This post has been written by Frank Lockley, a volunteer on the Taking Account of Our Past project. For more details on the work of the Queen Square Syndicate please see my earlier blog posts here, here and here.
A few weeks ago I had a browse through the Minute Book of the Queen Square Syndicate, reference D-SSW/2/QSS/1/1/1.
This is a comprehensive record of the Syndicate from the very first meeting of the Syndicate directors on 21st February 1907.
The detailed entries during the initial years of the Syndicate provide a wealth of information on the building and letting of the new shops, with details of the rents and length of leases.
Along with the shops in the development there were plans for a restaurant, bakehouse and a new building to re-house the pub Harleys Vaults.
Many of the existing tenants of shops were allocated new units and advertisements were placed to attract new tenants “…for high class retail business premises”.
There are a lot of entries regarding the negotiations with the existing tenants before agreements were reached.
Although not strictly needed for the project I thought it would be interesting to try and find out a little more about some of the individuals mentioned.
William Fleming was one of a number of existing tenants who made an offer for a new unit. He was a confectioner, who had been based at 31 Queen Square since at least 1900. Despite initially agreeing terms for the new unit No. 2 and the bakehouse, there seems to be some disagreement and an entry on 16th March 1908 records that he has declined the offer and requests reasonable time for him to vacate the premises. In 1912 he is in premises in North Street where he stays for a number of years.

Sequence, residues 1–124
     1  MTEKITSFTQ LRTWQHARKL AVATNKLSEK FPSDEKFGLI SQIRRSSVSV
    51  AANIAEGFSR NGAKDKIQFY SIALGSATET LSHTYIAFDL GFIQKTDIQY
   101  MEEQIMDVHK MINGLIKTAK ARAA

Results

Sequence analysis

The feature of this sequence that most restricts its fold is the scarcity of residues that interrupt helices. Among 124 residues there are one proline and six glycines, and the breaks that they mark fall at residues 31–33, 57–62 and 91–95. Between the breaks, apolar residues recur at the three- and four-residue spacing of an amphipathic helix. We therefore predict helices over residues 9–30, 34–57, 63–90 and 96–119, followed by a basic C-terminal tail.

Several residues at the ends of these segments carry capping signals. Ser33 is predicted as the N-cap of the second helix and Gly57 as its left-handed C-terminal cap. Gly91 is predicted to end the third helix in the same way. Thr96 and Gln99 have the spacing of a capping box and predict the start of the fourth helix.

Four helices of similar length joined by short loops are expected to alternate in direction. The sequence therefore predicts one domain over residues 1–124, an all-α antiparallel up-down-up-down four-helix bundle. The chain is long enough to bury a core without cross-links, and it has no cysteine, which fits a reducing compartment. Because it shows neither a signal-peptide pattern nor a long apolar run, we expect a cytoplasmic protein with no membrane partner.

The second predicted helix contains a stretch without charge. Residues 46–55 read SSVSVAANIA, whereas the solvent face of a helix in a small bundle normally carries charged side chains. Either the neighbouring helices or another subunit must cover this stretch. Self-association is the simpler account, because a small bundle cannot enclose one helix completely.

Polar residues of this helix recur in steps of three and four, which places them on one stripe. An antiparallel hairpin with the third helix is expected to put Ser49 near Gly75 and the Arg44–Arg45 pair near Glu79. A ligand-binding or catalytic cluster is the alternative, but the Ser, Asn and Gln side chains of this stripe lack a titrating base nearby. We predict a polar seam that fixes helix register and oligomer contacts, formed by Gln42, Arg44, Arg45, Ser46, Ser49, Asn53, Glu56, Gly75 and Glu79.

William Allt is a boot maker, who starts trading from 26 Queen Square as well as 60 Victoria Street. He has been an established wholesale boot maker and retailer in the town for many years along with his father, also William. He is one of the first tenants to move into his new premises in May 1909. However he does not appear to have stayed in Queen Square for long, the 1911 census finds him and his family living in south Wales.
26 Queen Square is taken over by a Mr. G.C. Dean who moves his already well established tailors shop from Lichfield Street. The first recording of the Lichfield Street premises is in 1899 and the Queen Square address is occupied till 1930.
This longevity is almost matched by Ladies Outfitter Miss Annie M. Deans. She is trading at 3 Victoria Street from 1899 where she is listed in directories under “Hosiers and Haberdashers” as well as “Baby Linen Warehouses”. She is one of the tenants that the minute book records the arrangements for temporary premises during the building work. 1910 sees her at the new No. 28 Queen Square where she stays till 1924.
This is just a very small selection of the huge amount of detailed information to be found in these minute books.
Thanks to the Project they are now available to researchers in all manner of subjects, along with all the other documents that are now catalogued.
This item is currently on display in the Map Room of Wolverhampton City Archives as part of the Taking Account of Our Past project display. It will be available for use by researchers from the start of January 2013 following the end of the display.
Further details on this item and others in the Queen Square Syndicate collection can be found on the Black Country History website.